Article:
New study focuses on women's sleep


Although women make up half of the world's population, sleep studies are mainly carried out on men, but in a new project funded by the Swedish Brain Foundation, researchers Diana Aline Nôga and Christian Benedict hope to answer how women's sleep is affected by menstrual cycles and hormonal fluctuations and whether it can provide protection against known effects of sleep depravation.

Diana Noga Morais

Despite our increased knowledge of the importance of rest, sleep problems are spreading epidemic style across the world. In a survey among teenagers in Uppsala County, every third respondent states that they suffer from impaired sleep. Even bleaker figures are found in a current report from the Public Health Agency of Sweden, where almost every other woman states that they experience sleep depravation. The risks that come with irregular sleep routines may seem well mapped, but since many conclusions are based on observations of men, several important gaps remain to be filled.

“The woman's menstrual cycle has long been perceived as a complicating factor in experimental sleep studies. Instead, we assume that it is almost necessary to take it into account. Not least, observations of the hormonal fluctuations women experience can generate important knowledge, and in an ongoing project we hope to answer how estrogen and progesterone levels affect sleep and consequently a number of related, important health aspects,” says Diana Aline Nôga, researcher at the Department of Pharmaceutical Biosciences.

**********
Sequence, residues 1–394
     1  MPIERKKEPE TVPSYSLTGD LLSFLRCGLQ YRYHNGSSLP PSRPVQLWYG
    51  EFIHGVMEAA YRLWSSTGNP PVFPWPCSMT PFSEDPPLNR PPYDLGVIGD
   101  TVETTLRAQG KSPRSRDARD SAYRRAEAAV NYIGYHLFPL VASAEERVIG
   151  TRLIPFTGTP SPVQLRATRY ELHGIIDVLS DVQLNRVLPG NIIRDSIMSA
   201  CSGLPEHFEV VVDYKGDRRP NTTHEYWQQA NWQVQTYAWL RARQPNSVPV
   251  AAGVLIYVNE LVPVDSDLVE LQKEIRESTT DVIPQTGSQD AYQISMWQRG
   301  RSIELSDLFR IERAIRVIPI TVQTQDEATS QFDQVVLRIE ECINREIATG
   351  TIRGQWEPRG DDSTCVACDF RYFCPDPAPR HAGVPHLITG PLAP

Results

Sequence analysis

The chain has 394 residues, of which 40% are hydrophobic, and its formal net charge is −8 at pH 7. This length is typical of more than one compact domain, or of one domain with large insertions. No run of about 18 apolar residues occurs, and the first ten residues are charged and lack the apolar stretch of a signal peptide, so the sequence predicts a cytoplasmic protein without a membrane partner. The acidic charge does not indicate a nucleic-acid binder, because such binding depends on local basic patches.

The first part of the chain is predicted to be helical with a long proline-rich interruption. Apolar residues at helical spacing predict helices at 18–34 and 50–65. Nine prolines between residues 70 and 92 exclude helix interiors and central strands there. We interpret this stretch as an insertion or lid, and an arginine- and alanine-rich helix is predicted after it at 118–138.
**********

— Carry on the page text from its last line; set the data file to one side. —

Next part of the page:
Christian Benedict, Faculty of Pharmacy
Christian Benedict, Faculty of Pharmacy

In the Sleep Laboratory at Uppsala’s Biomedical Center, approximately a hundred women in various stages of the menstrual cycle will spend two nights and participate in several tests during daytime. The scientific questions studied arouse interest: How important are individual hormone levels for sleep? Can favorable levels strengthen protection against known effects of sleep deprivation? And if so, what does the reverse mean for all the women working night shifts?

“Our initial data indicate that we are on the right track in our approach. Still, a lot of work remain and we expect to start publishing results from the study early next year. This is an incredibly fascinating field with a constantly increasing demand for new knowledge. Our ambition is to contribute as far as possible with a scientific voice, but it is also important to emphasize that when it comes to sleep, evidence is not everything. If you find the method that puts you to rest, stick to it,” says Christian Benedict, sleep researcher at Uppsala University.



  • Christian Benedict's research group studies how disturbances in the circadian rhythm and sleep loss affect health and performance with a particular focus on the connection between sleep deprivation and metabolism.



Christian BenedictChristian Benedict, Associate Professor
Dep. of Pharmaceutical Biosciences

Diana Noga Morais FerreiraDiana Aline Nôga, Researcher
Dep. of Pharmaceutical Biosciences

Text: Magnus Alsne, foto: Daniel Olsson a o

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Last modified: 2024-04-04